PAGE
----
New Spanish cardinal calls homosexuality a “deficiency”

Fernando Sebastián insists his position is in line with tolerant approach taken by Pope Francis

Madrid -
Fernando Sebastián, emeritus archbishop of Pamplona.
Fernando Sebastián, emeritus archbishop of Pamplona.efe

The new Spanish cardinal appointed by Pope Francis has begun his tenure by describing homosexuality as a deficiency and suggesting the need for gay people to undergo corrective treatment.

So said Fernando Sebastián, the archbishop emeritus of Pamplona, in an interview with the Málaga newspaper Sur.

Asked about the attitude of the new pope regarding homosexuals (Francis said “Who am I to judge them?”), Cardinal Sebastián replied: "It is one thing to be welcoming and kind to a homosexual person and another to morally justify the exercise of homosexuality. I can tell someone that they have a deficiency - which is what it is - but this does not justify not appreciating or helping them. I think that this is the pope's position, and the same with regard to homosexual marriage or divorce. We will be by their side, but the Church cannot change the demands of morality."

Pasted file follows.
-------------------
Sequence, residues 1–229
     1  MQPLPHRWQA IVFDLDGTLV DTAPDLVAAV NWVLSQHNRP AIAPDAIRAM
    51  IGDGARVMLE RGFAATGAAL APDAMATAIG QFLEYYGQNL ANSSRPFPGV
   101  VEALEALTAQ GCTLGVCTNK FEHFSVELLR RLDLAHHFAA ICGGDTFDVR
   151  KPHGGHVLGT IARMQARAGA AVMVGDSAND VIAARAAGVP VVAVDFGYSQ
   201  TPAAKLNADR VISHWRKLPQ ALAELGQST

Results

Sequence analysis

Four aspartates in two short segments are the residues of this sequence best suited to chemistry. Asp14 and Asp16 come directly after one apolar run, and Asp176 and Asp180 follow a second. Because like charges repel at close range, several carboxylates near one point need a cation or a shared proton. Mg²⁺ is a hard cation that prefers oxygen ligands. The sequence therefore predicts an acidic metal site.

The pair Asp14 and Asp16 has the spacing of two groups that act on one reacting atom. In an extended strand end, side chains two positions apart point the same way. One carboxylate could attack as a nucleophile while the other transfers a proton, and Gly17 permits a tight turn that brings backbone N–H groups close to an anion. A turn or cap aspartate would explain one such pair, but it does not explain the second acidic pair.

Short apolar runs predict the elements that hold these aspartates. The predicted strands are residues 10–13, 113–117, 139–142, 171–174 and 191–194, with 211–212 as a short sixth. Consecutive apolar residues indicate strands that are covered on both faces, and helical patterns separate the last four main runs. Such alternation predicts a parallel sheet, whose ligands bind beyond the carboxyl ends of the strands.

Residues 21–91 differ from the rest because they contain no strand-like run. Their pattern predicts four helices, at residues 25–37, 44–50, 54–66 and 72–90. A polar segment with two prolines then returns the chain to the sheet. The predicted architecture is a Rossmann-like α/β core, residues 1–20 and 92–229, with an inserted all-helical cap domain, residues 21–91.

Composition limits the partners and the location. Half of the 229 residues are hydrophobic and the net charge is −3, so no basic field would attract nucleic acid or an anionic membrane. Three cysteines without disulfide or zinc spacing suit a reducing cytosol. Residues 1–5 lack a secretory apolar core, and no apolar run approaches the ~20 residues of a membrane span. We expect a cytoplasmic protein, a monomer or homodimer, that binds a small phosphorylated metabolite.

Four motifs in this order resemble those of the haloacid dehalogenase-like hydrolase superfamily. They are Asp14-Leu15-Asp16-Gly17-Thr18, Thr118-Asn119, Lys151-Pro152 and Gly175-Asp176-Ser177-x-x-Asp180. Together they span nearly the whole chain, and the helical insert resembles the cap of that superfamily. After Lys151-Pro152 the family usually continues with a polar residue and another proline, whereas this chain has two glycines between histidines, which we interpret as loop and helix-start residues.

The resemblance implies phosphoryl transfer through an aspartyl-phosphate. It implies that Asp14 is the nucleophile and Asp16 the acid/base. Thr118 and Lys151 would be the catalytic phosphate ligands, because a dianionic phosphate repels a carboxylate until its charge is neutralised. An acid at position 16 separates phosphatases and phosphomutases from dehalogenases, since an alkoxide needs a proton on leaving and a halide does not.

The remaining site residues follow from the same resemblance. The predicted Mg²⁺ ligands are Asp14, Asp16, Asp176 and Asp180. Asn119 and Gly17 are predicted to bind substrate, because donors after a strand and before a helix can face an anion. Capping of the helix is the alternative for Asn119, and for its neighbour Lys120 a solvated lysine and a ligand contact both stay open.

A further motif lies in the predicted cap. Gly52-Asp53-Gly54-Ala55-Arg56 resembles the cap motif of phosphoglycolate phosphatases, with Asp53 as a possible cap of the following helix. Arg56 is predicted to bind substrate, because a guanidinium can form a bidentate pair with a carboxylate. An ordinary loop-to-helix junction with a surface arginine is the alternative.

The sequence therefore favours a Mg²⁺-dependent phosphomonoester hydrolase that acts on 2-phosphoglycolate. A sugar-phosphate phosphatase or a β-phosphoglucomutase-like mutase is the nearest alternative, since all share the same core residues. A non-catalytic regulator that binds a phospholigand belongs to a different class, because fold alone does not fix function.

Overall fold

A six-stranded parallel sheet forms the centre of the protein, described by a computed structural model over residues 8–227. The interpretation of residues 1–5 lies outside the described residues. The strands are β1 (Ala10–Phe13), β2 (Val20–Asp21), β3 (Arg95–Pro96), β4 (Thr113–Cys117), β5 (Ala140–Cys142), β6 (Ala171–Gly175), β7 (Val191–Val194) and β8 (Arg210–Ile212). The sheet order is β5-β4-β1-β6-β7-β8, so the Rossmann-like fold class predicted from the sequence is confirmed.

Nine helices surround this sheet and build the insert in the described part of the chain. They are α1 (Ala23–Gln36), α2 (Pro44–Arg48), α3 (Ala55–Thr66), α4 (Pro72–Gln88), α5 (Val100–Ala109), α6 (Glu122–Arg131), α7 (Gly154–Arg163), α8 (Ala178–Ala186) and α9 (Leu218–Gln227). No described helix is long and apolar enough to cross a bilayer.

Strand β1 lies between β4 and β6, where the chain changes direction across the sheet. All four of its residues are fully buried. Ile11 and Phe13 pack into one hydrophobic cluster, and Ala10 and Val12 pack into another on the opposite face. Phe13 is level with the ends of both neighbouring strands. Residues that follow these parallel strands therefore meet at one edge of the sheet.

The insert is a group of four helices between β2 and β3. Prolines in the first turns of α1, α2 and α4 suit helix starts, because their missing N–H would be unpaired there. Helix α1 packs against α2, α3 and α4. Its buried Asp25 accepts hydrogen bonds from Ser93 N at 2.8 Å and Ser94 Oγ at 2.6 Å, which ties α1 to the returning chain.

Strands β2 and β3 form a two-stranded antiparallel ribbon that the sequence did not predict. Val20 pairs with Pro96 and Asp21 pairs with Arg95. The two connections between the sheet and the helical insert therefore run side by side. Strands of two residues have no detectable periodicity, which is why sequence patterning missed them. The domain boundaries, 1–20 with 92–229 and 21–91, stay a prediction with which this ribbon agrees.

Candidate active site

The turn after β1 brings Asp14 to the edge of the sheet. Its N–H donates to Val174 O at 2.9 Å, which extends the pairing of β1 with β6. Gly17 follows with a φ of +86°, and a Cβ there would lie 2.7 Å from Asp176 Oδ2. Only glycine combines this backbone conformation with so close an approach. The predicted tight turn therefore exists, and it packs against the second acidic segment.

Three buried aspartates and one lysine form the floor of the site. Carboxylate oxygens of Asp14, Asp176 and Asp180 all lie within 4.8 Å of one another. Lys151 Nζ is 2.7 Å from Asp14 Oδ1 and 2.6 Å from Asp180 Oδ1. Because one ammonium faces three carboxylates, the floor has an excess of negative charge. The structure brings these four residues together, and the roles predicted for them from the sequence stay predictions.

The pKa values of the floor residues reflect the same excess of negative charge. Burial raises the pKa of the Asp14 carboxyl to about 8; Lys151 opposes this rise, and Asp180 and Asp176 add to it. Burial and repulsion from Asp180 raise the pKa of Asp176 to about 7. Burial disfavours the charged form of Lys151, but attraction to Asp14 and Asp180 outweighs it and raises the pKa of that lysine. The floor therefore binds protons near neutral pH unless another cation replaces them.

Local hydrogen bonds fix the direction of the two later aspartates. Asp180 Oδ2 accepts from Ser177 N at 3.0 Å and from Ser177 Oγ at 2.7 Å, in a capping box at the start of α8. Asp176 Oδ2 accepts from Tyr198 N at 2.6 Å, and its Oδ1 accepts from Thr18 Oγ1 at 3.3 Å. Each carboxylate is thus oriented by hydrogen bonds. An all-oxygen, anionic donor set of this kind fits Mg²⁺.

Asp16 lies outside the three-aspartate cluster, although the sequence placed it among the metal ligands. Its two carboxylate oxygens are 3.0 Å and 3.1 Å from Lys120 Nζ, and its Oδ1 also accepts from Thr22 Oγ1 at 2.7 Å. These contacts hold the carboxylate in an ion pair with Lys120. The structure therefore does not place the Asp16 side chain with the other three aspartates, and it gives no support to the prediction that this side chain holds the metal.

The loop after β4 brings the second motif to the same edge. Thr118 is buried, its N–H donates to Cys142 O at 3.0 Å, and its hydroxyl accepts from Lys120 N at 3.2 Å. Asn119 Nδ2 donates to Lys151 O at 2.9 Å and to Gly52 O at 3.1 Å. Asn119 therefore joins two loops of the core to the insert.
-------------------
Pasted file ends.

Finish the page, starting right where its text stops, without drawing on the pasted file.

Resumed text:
Later in the interview, the cardinal insisted on the notion of deficiency. "With all due respect, I say that homosexuality is a deficient way to manifest one's sexuality, because the latter has a structure and a goal, which is procreation. Our bodies contain many deficiencies. I have high blood pressure, but should I get angry because someone tells me so? It is a deficiency I need to correct any way I can."

With regard to pedophilia in the Church, an issue which came up at the United Nations last week, Sebastián stated: "In the Church we need to provide a good education in the seminars, be discerning, select candidates to priesthood as best we can, always with the fear that people are not machines and can fail. It is admirable to see the courage of Benedict XVI and Pope Francis in addressing this problem, recognizing the existing deficiencies and providing a remedy in as far as it is in the Church's hands to do so."

The Spaniard is part of the first round of new cardinals appointed by Pope Francis.

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